So I thought I’d share. Although I found the British royals part of the documentary kind of dull, it was interesting to learn more about Buganda and Tonga, and ironic to hear about the Nepali monarchy knowing now that it no longer exists.

Return of the Kings

Part III on my brief series on Nepali history… we left off with the Rana regime in control.

In 1936 a movement against the Ranas began; it was quickly crushed but revolution was in the air. By 1946, the Nepali National Congress was established by Nepali exiles in India, and in 1950 the Nepali National Congress merged with the Nepal Democratic Congress to launch an armed movement against the Rana regime.

King Tribhuvan

The Congress parties had won an ally in King Tribhuvan, who was ready to free the powerless Shaw monarchy of Rana influence and on November 6, 1950 he escaped to the Indian embassy in Kathmandu with Crown Prince Mahendra and his grandson Birendra (the second in line for the thrown). Birendra’s younger brother Gyanendra (he will become important later on in the story) was left as “king” in the real king’s absence and served for several months between 1950 and 1951.The royal refugees were flown to Delhi and within days an orchestrated armed insurrection flooded across the border into various regions of Nepal. In what would be an eerie window into the future with the Maoist insurgency, battles raged for several months between the rebels (at this time pro-king) and the government troops (pro-Ranas). On February 7, 1951 peace was brokered between the King, the Ranas and the Nepali Congress at the “Delhi Compromise.” King Tribhuvan was able to triumphantly return to Nepal and an agreement was made to set up a constituent assembly to create a democratic constitution.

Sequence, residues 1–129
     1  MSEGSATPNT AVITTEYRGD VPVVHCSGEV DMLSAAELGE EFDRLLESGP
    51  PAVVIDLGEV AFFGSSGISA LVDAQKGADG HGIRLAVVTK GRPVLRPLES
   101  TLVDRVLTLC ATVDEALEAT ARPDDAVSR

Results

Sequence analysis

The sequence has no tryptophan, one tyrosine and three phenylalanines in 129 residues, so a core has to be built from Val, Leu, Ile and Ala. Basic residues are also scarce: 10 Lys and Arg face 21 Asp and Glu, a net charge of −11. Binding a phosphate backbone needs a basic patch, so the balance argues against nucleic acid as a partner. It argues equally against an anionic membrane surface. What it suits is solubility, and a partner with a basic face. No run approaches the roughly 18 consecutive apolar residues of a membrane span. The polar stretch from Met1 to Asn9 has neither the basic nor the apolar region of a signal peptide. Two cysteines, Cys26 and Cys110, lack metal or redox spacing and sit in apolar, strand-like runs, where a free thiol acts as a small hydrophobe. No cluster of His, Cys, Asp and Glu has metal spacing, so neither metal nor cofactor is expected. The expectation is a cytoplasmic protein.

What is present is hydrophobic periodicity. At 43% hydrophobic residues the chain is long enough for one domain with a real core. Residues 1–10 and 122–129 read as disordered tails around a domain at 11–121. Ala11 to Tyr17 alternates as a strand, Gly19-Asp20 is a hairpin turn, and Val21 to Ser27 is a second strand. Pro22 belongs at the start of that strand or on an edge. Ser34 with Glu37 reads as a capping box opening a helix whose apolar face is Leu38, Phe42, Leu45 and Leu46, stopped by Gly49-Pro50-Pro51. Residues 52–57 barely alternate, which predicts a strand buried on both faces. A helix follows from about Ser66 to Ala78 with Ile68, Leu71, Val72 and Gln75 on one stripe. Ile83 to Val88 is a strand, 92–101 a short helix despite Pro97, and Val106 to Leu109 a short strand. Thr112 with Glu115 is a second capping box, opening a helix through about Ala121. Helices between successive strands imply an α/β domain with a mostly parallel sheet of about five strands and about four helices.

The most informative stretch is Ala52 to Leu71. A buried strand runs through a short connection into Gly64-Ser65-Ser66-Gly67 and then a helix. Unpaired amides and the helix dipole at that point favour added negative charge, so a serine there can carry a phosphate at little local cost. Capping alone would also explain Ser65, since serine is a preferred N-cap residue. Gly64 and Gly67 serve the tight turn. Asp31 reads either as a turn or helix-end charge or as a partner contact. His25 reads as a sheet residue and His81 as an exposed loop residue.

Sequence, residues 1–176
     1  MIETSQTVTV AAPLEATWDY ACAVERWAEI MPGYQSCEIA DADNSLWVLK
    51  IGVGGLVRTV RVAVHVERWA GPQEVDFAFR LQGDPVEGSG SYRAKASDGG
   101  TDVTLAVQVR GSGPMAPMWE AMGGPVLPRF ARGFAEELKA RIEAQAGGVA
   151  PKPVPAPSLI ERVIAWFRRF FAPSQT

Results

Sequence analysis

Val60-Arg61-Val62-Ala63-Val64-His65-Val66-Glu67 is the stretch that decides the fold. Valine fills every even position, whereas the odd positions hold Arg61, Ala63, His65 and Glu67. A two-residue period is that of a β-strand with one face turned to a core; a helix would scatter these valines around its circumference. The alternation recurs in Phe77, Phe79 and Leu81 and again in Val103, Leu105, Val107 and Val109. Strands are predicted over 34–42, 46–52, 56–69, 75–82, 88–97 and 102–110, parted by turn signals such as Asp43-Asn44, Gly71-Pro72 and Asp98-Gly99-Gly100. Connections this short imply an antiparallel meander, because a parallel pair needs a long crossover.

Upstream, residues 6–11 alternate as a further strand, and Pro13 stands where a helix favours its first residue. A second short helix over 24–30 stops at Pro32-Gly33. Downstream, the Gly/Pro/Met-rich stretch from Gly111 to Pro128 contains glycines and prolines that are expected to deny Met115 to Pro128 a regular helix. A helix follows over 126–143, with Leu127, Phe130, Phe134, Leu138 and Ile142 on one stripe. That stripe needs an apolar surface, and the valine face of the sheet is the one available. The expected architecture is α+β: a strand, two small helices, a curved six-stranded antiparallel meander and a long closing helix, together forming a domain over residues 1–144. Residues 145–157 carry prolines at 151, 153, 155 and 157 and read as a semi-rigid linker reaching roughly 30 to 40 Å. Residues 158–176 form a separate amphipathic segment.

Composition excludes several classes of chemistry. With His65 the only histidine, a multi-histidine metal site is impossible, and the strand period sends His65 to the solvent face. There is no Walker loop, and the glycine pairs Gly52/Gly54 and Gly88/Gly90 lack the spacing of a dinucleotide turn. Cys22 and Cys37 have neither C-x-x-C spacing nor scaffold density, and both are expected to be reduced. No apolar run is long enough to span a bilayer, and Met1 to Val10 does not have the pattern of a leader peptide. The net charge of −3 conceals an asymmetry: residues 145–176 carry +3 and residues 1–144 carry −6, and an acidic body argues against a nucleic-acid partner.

Tenzing on the summit of Everest... photo taken by Hillary

It was around this time that Nepal’s borders were again opened up to the outside world and the Rana policy of isolationism ended. On a side note… prior to Nepal opening it’s borders all Everest expeditions had been attempted by the Tibetan side of the mountain, and none had been successful. On May 29, 1953 New Zealander Edmund Hillary and Nepali Sherpa Tenzing Norgay became the first climbers to reach the summit of Mount Everest, making the historic ascent from the Nepali side.

Unfortunately, political rivalries stalled the democratic process, and in 1955 King Tribhuvan died without a constitution in place. His son and heir apparent, King Mahendra, was not as diplomatic as his father and rather than help the fledgling constitutional monarchy, he used politics to assert himself as an absolute ruler under the “Panchayat” system. Political parties (including the Congress party that helped to bring the monarchy back) were banned, and many were jailed or fled to exile in India. Defectors attempted to regroup in India, and with the covert support of the Indian government, they planned a renewed rebel insurgency- but this time against the king. However, nothing more than small skirmishes took place, and when China invaded India in 1962, the Indian government could no longer antagonize a buffer state so close to the other massive rival nation. Nepal’s insurgency funding from India swiftly ended and this led to a thirty year period of absolute rule by first Mahendra, and later his son Birendra.

King Mahendra

In the midst of this continued political turmoil was the birth of the Nepali communist parties. Although all political parties united in the 1950s to help overthrow the Rana regime, the first communist movement emerged during the 1947 strike of workers at a cloth mill in eastern Nepal. The leader, Man Mohan Adhikari was a member of the Communist Party of India, since there was no Nepali communist party at the time. Man Mohan’s contemporary, Pushpa Lal Shrestha, was serving as secretary of the Nepali National Congress when he grew disenfranchised with the party and decided to start his own communist party. By 1948 he had already translated and published the Communist Manifesto into Nepali. Although the party was not welcomed in the Panchayat system, it slowly gained support from people in the countryside who felt discriminated against by the caste system of the Hindu Kingdom and who continued to feel the poverty from the Rana years.